In addition to the recommended new tripod legs C3930 and C3940, existing TrioPod legs can also be used with the new TrioPod PRO75 as well. With the optionally available carbon leg extensions, a total height of 79 in./2.0 m is possible. Short 2-segment carbon fiber legs C2820 are also available allowing you to achieve completely new perspectives and are even compatible with the existing TrioPod and QuadroPod Systems.
The TrioPod PRO75 is available in two kits:
The two QLEG-A1010 mini-legs that are part of the kits can be screwed into the accessory thread creating limitless possibilities: Add one leg to smooth your workflow by attaching your camera bag, keeping your tripod weighted and giving you quick access to your equipment. Alternatively, replace two legs to create a “leaning pod” and achieve a new variety of creative perspectives for your boundless imagination.
Bryan reviewed the original sans-ball head Feisol TT-15 and came away impressed with the mini tripod. He even used it when photographing New York City from the top of Rockefeller Center. I added a TT-15 to my kit soon after and it has proven extremely useful when carrying a traditional tripod would be inconvenient or simply not allowed. [Sean]
If you've never watched a GPP Shootout, you're in for a real treat. The GPP shootout pits three (usually well-known) photographers against one another, tasked with taking a portrait, under the same conditions, on stage, with a relatively short time limit. What makes it interesting is that the host of the event always throws the participants a curveball, so you get to see how well the photographers think on their feet and what kinds of images they produce under strenuous circumstances.
This year, the photographers competing for the GPP Shootout Champion bragging rights were Nick Fancher, Zack Arias and Zack's son, Caleb Arias.
Check out all the GPP Shootouts for more great entertainment.
Last week, we reported that Sigma had released firmware updates for several of its Global Vision-series lenses. The updates was designed to allow compatibility with Canon’s in-camera Lens Aberration Correction. However, it seems the updates may have had unintended consequences.
A site visitor noticed that after updating his Sigma 50mm f/1.4 Art lens' firmware to v.2.00, his lens exhibited noticeable backfocusing which required a -8 setting at various focus settings to correct via the Sigma USA Dock.
As I had yet to update my own Sigma 50mm Art's firmware, I decided to see if I replicate the issue. I tested the lens' performance on my 5D Mark III and 7D Mark II and the lens focused accurately with no AFMA value applied in-camera or in-lens (via the USB dock) with firmware v.1.00. After updating Sigma Optimization Pro to the latest version, I upgraded the Sigma 50A's firmware to v.2.00. After the upgrade, the lens required a -6 AFMA correction to be applied either in-camera or in-lens (at all focus distances) for accurate autofocusing.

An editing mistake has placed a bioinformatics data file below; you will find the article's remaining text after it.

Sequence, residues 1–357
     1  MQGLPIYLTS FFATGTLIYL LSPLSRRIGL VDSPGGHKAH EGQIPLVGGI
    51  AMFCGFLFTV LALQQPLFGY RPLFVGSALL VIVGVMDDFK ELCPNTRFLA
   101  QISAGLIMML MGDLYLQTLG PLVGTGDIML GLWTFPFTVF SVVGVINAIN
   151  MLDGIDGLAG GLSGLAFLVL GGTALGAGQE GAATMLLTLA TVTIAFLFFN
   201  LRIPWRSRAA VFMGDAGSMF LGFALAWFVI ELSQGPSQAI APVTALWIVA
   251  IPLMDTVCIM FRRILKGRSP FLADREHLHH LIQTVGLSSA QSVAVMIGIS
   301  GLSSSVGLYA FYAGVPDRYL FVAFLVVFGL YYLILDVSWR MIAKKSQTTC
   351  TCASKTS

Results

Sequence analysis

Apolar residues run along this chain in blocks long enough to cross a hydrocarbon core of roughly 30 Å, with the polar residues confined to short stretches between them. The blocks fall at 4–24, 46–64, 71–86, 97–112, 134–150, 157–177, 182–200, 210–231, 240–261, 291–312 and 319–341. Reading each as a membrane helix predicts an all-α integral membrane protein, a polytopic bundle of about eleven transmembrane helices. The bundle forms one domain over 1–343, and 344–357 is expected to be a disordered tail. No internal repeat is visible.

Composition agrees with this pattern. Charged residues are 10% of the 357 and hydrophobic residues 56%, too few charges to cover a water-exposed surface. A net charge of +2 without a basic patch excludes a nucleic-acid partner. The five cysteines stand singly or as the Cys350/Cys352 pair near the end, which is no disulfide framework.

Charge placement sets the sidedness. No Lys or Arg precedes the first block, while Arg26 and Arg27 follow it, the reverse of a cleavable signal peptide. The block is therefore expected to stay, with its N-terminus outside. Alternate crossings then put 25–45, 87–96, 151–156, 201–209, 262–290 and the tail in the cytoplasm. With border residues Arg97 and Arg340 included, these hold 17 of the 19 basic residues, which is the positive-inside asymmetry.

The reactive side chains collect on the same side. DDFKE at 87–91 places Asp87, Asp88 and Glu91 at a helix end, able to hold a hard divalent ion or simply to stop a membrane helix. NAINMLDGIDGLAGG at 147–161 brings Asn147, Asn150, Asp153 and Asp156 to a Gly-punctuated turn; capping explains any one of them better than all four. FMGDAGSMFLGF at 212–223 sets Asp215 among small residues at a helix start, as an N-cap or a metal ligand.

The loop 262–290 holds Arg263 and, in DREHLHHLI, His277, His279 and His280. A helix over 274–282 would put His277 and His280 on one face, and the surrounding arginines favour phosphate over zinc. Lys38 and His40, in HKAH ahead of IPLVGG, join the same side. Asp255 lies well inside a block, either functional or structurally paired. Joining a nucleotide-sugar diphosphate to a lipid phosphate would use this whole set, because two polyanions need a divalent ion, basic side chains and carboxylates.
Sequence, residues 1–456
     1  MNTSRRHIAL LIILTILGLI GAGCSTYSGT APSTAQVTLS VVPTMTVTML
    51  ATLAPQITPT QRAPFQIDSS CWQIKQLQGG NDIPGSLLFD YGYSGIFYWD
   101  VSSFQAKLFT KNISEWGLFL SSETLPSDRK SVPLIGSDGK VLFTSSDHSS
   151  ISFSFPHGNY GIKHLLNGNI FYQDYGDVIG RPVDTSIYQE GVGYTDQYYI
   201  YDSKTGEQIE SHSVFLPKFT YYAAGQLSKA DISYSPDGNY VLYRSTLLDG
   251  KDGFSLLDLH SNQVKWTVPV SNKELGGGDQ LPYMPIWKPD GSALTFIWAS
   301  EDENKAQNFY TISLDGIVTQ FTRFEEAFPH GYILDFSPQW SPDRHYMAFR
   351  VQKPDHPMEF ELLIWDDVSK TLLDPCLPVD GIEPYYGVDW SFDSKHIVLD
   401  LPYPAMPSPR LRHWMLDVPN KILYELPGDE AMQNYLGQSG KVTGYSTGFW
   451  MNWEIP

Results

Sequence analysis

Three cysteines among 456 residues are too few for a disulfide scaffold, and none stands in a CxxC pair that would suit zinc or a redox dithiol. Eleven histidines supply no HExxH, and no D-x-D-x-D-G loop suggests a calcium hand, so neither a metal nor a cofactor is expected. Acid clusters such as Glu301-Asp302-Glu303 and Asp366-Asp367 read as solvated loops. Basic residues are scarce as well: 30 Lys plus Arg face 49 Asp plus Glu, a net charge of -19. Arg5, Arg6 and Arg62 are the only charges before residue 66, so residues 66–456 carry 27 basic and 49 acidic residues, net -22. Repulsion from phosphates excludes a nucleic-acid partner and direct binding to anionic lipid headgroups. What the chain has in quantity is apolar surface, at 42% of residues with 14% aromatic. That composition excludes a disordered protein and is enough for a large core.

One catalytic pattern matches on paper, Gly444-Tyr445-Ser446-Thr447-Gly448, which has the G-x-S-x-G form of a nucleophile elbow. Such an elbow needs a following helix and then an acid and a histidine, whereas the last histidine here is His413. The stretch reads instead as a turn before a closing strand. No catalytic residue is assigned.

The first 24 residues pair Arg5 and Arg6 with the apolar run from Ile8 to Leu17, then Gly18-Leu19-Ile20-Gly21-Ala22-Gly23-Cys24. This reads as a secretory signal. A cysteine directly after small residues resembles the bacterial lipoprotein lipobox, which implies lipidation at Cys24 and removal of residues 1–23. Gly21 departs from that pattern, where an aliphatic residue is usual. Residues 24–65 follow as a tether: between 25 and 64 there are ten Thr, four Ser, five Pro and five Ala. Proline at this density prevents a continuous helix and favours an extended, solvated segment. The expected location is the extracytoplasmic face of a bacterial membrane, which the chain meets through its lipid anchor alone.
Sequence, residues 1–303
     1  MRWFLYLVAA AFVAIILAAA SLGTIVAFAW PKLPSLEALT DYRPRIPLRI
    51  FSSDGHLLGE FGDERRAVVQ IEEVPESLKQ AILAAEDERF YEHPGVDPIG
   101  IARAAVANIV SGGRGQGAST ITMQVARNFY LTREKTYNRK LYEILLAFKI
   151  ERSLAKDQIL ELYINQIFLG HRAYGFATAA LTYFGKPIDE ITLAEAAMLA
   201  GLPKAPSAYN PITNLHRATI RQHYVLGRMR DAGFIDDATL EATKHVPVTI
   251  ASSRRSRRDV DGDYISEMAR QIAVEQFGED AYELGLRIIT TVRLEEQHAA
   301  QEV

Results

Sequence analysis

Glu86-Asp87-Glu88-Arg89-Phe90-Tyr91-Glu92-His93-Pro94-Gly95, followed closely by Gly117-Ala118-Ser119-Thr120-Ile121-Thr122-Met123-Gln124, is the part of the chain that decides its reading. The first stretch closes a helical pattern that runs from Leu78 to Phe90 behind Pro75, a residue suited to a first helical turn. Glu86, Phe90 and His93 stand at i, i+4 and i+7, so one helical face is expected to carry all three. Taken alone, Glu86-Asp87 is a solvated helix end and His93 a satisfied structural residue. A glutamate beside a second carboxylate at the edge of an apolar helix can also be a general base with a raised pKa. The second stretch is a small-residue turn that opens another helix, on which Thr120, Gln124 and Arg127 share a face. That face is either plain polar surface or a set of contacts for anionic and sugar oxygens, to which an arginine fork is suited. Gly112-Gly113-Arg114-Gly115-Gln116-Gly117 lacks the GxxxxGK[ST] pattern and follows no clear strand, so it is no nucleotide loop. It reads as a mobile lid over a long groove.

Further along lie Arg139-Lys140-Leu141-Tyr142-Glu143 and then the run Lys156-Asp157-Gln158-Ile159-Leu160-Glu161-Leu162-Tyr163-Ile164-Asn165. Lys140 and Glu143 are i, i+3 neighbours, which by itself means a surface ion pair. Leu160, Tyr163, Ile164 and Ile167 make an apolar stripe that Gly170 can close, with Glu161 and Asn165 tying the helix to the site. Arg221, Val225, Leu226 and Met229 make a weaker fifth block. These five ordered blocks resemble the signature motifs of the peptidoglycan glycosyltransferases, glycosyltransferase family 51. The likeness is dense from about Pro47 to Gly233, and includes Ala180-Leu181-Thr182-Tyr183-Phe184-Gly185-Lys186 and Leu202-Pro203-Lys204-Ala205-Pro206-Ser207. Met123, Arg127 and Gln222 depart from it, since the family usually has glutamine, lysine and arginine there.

Note that the Sigma 50mm Art lens' AF was advertised as being adjusted in its specific firmware release notes for "an improved focus accuracy during Live View mode."
We're interested to know whether or not the AF recalibration is necessary for all of the lenses whose firmwares were updated, or if it's only the Sigma 50mm Art that's experiencing the issue. So if you have one of the following lenses and you'd like to provide your feedback, apply the latest firmware update and let us know if your lens required recalibration for accurate AF.
Let us know how it goes in the comments.
Syrp Magic Carpet PRO Slider Highlights
I'll add one "Do" to the list: DO charge your batteries just before you plan to fly your drone. If you don't start your flying session with a fresh battery, you may get a low voltage warning under certain circumstances that will cause your DJI drone to automatically land even if the battery has more than half a charge in it. [Sean]
From the Adorama YouTube Channel:
Creating drone videos of your holiday or adventure is simple, but there are a few things to consider to get things just right. In this episode, Mark Wallace explains some of the “Do’s and Don’ts” he’s learned while creating videos using his DJI Mavic Pro during his travels.
From the Canon Digital Learning Center:
A wide variety of photographable wildlife is available to everyone, in fact many may live close to your home. How do you find suitable spots where photographable wildlife is plentiful?See the entire article on the Canon Digital Learning Center.
Start with the Internet
A tremendous amount of wildlife information is easily found on the Internet. Search for potentially wildlife-rich places in nearby national parks, nature centers, lakeshores, state and city parks, seacoasts, public swimming areas on local lakes, boat docks, fishing lakes and hunting areas. And don’t forget local, state, and national wildlife refuges. Most of these places are open to the public.